The Ugly American: The New Orientalism
Trevor Paglen and Andrea Liu
Saturday, July 3rd, 2010 12-4PM (part of Governor’s Island Radical Citizenship Tutorials)
Colonel’s Row Building 408, Governor’s Island
Pilloried, one-dimensionalized and demonized by the American press, Islamic extremists and “terrorists” are largely caricaturized by the West as the unfathomable “Other” who, by virtue of their violation of the social contract and vehement refusal to take their place at the table of the New Global Economy, are the cipher for “pure evil.” “Why do they hate us?” “They hate us because of our freedom,” was the mantra recited with robotic reliability by Middle America after September 11th. Intellectually unequipped to jumpstart a national dialogue about the long fraught history of the West’s colonization of the Middle East, we instead regressed into a type of infantile narcissism and autism, reassuring ourselves of our bravery with a John Wayne rock-like faith in American goodness, thereby banishing any informed discussion of terrorism to being outside the parameters of polite discourse.
These tutorials will dispel the Anglo-Saxon racist orientalist fantasy that the current “War on Terror” is a battle between Medieval “irrationality” (Orient) and modern “progress” (West). We will look at the work of Egyptian poet, literary critic, and educator Sayyid Qutb (1906-1966), the “Lenin of Islamic Extremism” and his seminal prison writings Milestones, which largely influenced the development of anarcho-Islam and the founding of Al Quaeda. We will build bridges between Qutb’s caustic denunciation of modernity with similar denunciations found in Western high modernist literary works such as T.S. Elliot’s “The Waste Land,” E.E. Cumming’s “Progress is a Comfortable Disease,” Huxley’s Brave New World, Kafka’s “The Metamorphosis,” and Upton Sinclair’s The Jungle. We will look at the evolution of Osama Bin Laden as a unique hybrid of populism and elitism, a disgruntled trust fund kid in an epic King Lear-like desert isolation, who rejected his privileges and used the infrastructure of his patrician background to form a counter-hegemonic Robin Hood-like folk-populist revolt. We will look at the uncanny intimacy of the CIA and Al Quaeda, the CIA’s central role in training Al Quaeda in the 80’s in Afghanistan, and the Frankenstinian irony of its protege coming back to declare Jihad upon it now.
A radical citizen is he/she who destabilizes the narratives of the “Other” propagandized by the state. A radical citizen skates on the perimeter of the given rubrics of its nation’s rhetoric without ingesting them, and mixes, hybridizes, and cannibalizes them. A radical citizen is not subsumed or manipulated by the rhetoric of his/her state, but prefers to, as Emily Dickinson said, “dwell in possibility.”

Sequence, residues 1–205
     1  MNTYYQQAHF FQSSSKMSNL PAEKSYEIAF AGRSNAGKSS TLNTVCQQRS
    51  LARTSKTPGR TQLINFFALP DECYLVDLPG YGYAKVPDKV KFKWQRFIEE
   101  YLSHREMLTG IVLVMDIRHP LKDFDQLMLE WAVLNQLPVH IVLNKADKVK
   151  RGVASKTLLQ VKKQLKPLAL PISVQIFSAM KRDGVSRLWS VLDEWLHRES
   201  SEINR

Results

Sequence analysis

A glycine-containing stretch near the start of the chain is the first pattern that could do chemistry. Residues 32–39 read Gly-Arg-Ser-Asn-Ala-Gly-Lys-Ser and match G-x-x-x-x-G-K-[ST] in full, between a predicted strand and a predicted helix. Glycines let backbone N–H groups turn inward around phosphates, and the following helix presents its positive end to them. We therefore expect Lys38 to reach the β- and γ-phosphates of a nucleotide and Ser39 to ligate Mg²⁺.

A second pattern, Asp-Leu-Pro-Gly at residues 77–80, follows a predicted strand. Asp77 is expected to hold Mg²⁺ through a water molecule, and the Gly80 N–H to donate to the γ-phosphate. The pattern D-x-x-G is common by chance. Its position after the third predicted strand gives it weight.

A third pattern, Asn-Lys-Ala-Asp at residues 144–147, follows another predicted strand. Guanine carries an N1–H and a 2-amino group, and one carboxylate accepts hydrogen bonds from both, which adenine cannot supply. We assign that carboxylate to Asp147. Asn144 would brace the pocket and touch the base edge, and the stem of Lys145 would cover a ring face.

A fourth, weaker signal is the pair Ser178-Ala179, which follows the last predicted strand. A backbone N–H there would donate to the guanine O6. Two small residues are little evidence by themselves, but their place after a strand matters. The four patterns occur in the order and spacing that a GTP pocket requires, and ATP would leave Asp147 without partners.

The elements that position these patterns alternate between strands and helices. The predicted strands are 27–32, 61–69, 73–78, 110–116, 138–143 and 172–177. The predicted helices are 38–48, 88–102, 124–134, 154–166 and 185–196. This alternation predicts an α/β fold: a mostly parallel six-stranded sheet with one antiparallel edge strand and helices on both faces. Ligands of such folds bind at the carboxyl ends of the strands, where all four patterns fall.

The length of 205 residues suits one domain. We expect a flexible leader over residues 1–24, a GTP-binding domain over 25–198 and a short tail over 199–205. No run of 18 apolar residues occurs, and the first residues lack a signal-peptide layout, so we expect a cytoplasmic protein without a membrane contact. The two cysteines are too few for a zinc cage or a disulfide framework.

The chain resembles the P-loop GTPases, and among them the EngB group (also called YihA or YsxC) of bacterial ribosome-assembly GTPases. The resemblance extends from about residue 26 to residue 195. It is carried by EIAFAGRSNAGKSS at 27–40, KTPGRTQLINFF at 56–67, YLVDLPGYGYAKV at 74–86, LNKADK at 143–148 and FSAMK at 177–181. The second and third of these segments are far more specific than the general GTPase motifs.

Guest Speaker: Trevor Paglen
Trevor Paglen is a visual artist, writer, and experimental geographer whose work blurs lines between social science, contemporary art, and journalism, most renowned for his work on the CIA's use of ghost rendition sites to detain alleged Islamic extremists. Paglen's visual work has been exhibited at Transmediale Festival, Berlin; The Andy Warhol Museum, Pittsburgh; Institute of Contemporary Art, Philadelphia; San Francisco Museum of Modern Art (SFMOMA); Massachusetts Museum of Contemporary Art (Mass MoCA), North Adams; the 2008 Taipei Biennial; the Istanbul Biennial 2009, and has been featured in the The New York Times, Wired, Newsweek, Modern Painters, Aperture, and Art Forum. He has received grants from Rhizome, Art Matters, Artadia, and the Eyebeam Center for Art and Technology. Paglen is the author of three books: Torture Taxi: On the Trail of the CIA’s Rendition Flights (Melville House, 2006) I Could Tell You But Then You Would Have to be Destroyed by Me (Melville House, 2007) and Blank Spots on a Map (Dutton/Penguin 2009). Utne Magazine named him one of “50 Visionaries Who are Changing the World” in 2008. Paglen received his MFA from the Art Institute of Chicago and his Ph.D. in Geography from UC Berkeley. He is represented by Altman Siegel Gallery in San Francisco and Thomas Zander Gallery in Germany. www.paglen.com
New Orientalism Tutorial Conceived By:
Andrea Liu is a visual art and dance critic. She has been a writer-in-residence at Atlantic Center for the Arts (poetry), Museum of Fine Arts Houston Core Program (visual art criticism), Wildacres (poetry), Jacobs Pillow (dance criticism), Vermont Studio Center (poetry), Chez Bushwick commissioned writer (dance criticism) and a core participant in New Museum Nightschool Program (visual art criticism). She has given talks at Sculpture Center, Triangle Arts Residency, Black Mountain College Museum and Arts Center, Tradeschool, Banff Centre, and Lower Manhattan Cultural Council Archetime Conference. She is founder of the Foucault Lab. She was a literature major at Yale (BA) and thereafter studied literary criticism at Centre Parisien D’Etudes Critiques.
Mary Walling Blackburn’s “Radical Citizenship Tutorials” is part of No Longer Empty’s “The Sixth Borough Exhibition,” a series of public art and film screenings from June to October on Governor’s Island.